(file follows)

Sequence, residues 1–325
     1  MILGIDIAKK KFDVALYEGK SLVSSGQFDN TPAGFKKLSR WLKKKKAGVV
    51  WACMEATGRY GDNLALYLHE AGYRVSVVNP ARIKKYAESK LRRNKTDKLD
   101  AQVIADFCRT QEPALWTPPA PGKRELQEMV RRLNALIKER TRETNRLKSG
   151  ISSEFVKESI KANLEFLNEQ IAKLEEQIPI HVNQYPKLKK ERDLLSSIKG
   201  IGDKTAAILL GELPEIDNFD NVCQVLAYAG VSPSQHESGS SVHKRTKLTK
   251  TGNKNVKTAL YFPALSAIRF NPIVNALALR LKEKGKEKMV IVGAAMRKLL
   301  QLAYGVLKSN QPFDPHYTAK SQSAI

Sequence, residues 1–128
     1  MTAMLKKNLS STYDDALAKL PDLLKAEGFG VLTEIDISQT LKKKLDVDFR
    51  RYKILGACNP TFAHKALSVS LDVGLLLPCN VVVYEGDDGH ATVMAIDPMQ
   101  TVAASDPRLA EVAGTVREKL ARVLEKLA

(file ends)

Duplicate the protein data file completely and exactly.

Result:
Sequence, residues 1–325
     1  MILGIDIAKK KFDVALYEGK SLVSSGQFDN TPAGFKKLSR WLKKKKAGVV
    51  WACMEATGRY GDNLALYLHE AGYRVSVVNP ARIKKYAESK LRRNKTDKLD
   101  AQVIADFCRT QEPALWTPPA PGKRELQEMV RRLNALIKER TRETNRLKSG
   151  ISSEFVKESI KANLEFLNEQ IAKLEEQIPI HVNQYPKLKK ERDLLSSIKG
   201  IGDKTAAILL GELPEIDNFD NVCQVLAYAG VSPSQHESGS SVHKRTKLTK
   251  TGNKNVKTAL YFPALSAIRF NPIVNALALR LKEKGKEKMV IVGAAMRKLL
   301  QLAYGVLKSN QPFDPHYTAK SQSAI

Sequence, residues 1–128
     1  MTAMLKKNLS STYDDALAKL PDLLKAEGFG VLTEIDISQT LKKKLDVDFR
    51  RYKILGACNP TFAHKALSVS LDVGLLLPCN VVVYEGDDGH ATVMAIDPMQ
   101  TVAASDPRLA EVAGTVREKL ARVLEKLA